Anniversary women's march to connect people in Waterloo region in a 'grassroots way'

The women's marches following U.S. President Donald Trump's inauguration were held one year ago. Eden Hennessey, who organized 49 mini marches in Waterloo region every Saturday in 2017, has helped organize a much larger march this Saturday in Kitchener.

Eden Hennessey, march organizer, says the sister march she attended last year inspired her

Eden Hennessey says people in the community have been very receptive of the marches held every Saturday for the past year. (Joe Pavia/CBC)

Every Saturday since Jan. 21, 2017, Eden Hennessey has marched for human and women's rights.

She has done 49 of those, and this Saturday, she has helped organize the one-year anniversary march in Kitchener.

The event was inspired by the women's march in Washington, D.C. and an international series of sister marches following U.S. President Donald Trump's inauguration. Similar marches will be happening around the world this weekend.

"Definitely we raised awareness for many of the issues we were talking about," she told Craig Norris, host of The Morning Edition at CBC Radio.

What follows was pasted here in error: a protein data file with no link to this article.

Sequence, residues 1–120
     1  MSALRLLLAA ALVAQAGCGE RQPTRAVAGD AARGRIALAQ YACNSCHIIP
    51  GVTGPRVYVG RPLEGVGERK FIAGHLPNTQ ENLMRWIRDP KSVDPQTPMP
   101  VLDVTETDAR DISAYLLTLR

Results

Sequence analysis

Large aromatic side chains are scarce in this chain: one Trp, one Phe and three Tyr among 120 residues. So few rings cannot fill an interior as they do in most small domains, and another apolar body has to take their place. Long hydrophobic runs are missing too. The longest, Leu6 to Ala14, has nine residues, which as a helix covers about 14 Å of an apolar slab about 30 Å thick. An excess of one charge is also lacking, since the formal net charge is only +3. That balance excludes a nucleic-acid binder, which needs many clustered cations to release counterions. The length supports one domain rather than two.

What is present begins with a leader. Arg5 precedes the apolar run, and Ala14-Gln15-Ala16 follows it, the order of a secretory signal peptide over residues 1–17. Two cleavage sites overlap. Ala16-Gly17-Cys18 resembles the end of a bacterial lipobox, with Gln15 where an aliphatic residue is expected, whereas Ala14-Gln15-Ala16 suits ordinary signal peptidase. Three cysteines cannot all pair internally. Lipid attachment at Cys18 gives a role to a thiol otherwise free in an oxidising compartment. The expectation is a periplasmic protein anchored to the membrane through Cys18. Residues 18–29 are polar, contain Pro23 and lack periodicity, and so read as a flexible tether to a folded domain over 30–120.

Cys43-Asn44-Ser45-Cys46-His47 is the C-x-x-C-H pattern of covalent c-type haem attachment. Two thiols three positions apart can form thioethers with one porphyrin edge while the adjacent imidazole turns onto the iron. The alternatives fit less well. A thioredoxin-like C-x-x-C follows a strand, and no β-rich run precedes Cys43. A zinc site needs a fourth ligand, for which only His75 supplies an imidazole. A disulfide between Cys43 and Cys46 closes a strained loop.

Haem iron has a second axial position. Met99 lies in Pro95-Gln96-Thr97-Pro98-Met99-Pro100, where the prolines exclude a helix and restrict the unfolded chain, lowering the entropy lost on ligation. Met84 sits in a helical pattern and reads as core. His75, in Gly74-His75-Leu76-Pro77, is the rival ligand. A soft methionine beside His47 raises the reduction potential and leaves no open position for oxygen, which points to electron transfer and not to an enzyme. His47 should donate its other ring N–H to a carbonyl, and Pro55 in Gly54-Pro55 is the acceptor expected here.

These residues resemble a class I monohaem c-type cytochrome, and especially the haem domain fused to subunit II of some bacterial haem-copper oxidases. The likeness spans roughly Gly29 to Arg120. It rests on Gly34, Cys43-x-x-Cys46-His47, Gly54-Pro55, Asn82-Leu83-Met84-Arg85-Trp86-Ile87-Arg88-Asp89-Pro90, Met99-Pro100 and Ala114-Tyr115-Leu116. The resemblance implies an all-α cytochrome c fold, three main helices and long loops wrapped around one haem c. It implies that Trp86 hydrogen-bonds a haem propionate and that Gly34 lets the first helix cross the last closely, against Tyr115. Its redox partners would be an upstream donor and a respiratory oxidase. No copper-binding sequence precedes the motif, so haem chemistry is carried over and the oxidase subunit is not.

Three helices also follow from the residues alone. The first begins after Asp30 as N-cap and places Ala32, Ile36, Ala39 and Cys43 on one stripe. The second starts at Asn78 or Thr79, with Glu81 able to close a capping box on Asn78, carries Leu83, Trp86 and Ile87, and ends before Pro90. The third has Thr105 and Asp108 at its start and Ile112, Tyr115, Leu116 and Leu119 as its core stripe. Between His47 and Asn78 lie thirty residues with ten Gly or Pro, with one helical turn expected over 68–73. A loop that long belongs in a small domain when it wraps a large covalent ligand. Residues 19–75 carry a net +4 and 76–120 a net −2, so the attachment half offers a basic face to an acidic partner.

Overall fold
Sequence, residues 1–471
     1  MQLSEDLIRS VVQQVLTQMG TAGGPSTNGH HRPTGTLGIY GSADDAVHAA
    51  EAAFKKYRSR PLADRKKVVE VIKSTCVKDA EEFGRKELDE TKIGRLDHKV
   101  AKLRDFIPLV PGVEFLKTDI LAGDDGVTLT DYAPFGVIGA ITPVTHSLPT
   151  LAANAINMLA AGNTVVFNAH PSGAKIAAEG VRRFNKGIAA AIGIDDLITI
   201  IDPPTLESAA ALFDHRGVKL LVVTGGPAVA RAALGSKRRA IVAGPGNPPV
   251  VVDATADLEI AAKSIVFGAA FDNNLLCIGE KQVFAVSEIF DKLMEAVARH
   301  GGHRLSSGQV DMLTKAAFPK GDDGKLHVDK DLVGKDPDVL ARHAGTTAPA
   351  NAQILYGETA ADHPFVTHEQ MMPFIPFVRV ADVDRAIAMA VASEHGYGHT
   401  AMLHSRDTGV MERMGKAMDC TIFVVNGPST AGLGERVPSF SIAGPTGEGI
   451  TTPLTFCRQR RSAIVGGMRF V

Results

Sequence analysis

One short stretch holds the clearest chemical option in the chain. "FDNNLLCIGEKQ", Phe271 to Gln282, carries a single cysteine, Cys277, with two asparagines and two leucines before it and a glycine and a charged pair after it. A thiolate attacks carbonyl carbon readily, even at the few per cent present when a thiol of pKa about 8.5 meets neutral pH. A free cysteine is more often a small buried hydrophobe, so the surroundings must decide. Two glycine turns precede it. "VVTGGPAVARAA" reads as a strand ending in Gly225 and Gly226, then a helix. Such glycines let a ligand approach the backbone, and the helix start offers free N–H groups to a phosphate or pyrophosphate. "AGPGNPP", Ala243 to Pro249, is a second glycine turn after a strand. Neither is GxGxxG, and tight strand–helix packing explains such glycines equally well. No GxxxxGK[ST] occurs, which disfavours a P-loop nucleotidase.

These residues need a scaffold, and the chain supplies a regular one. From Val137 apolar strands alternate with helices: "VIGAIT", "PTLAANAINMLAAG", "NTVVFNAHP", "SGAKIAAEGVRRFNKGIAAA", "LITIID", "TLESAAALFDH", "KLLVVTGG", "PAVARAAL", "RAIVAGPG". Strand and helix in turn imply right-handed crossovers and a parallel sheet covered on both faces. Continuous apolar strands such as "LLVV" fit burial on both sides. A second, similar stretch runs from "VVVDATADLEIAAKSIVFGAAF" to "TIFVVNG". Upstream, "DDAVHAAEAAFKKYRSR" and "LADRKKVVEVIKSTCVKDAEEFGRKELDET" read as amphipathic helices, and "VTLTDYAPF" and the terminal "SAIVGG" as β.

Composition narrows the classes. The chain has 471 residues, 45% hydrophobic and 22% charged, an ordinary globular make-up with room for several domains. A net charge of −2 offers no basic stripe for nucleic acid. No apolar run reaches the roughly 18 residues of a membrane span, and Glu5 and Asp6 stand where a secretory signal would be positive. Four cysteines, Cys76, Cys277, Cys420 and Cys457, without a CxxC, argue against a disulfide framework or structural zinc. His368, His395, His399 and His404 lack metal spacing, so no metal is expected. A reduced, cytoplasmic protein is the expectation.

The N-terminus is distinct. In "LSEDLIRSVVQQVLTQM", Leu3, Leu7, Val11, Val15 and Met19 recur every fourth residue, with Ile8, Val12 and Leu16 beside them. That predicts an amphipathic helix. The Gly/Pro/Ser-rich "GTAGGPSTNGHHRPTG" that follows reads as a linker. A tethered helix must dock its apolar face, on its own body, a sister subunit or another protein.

"However, it's always difficult to gauge the true impact of something like this. Because you don't see the after effects necessarily."

Community receptive to marches

Hennessey was one of the participants of a sister march last year in San Antonio, Texas.

She said marching alongside people who have lived through apartheid in South Africa and have had female family members who were severely oppressed in their home countries was "one of the most moving and positive experiences" of her life.

Liz Boyle of Guelph is seen here at the Women's March on Washington, D.C., in 2017. She's holding the sign of another woman taking part in the march. (Liz Boyle)

"It was so vivid, it's like it was yesterday," she said.

Over the past year in her "49 mini-marches," she said many different women and men would join each time.

While social activism has the reputation of being "dangerous," she said the people in communities around Waterloo region have been "incredibly positive" in their reception of debate brought forward by each march.

This year's march is not so much of an anti-Trump demonstration than it is "a movement of connecting like-minded people together in a grassroots way to talk about human rights."

"We want people to walk away knowing that this is a community that they are supported in if they advocate for human and women's rights," she said.


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